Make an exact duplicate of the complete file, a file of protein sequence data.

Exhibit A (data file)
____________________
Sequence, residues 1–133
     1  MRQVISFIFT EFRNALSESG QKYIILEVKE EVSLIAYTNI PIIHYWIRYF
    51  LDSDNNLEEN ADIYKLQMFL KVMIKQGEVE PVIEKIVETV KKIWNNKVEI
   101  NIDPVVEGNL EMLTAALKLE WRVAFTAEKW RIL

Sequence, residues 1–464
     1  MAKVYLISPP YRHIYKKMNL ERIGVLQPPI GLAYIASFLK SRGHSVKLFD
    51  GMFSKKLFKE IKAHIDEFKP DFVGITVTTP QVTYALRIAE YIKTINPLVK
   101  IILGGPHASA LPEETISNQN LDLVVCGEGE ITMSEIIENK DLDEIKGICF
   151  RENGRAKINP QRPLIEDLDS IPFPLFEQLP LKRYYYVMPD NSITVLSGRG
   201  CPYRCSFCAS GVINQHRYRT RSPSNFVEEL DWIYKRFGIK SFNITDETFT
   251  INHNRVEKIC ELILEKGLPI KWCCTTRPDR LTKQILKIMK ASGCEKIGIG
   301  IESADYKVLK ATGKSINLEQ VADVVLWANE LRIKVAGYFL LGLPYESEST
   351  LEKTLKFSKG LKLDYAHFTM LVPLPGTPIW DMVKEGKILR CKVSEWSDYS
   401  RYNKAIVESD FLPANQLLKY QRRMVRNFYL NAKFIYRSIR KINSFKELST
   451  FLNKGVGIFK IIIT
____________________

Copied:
Sequence, residues 1–133
     1  MRQVISFIFT EFRNALSESG QKYIILEVKE EVSLIAYTNI PIIHYWIRYF
    51  LDSDNNLEEN ADIYKLQMFL KVMIKQGEVE PVIEKIVETV KKIWNNKVEI
   101  NIDPVVEGNL EMLTAALKLE WRVAFTAEKW RIL

Sequence, residues 1–464
     1  MAKVYLISPP YRHIYKKMNL ERIGVLQPPI GLAYIASFLK SRGHSVKLFD
    51  GMFSKKLFKE IKAHIDEFKP DFVGITVTTP QVTYALRIAE YIKTINPLVK
   101  IILGGPHASA LPEETISNQN LDLVVCGEGE ITMSEIIENK DLDEIKGICF
   151  RENGRAKINP QRPLIEDLDS IPFPLFEQLP LKRYYYVMPD NSITVLSGRG
   201  CPYRCSFCAS GVINQHRYRT RSPSNFVEEL DWIYKRFGIK SFNITDETFT
   251  INHNRVEKIC ELILEKGLPI KWCCTTRPDR LTKQILKIMK ASGCEKIGIG
   301  IESADYKVLK ATGKSINLEQ VADVVLWANE LRIKVAGYFL LGLPYESEST
   351  LEKTLKFSKG LKLDYAHFTM LVPLPGTPIW DMVKEGKILR CKVSEWSDYS
   401  RYNKAIVESD FLPANQLLKY QRRMVRNFYL NAKFIYRSIR KINSFKELST
   451  FLNKGVGIFK IIIT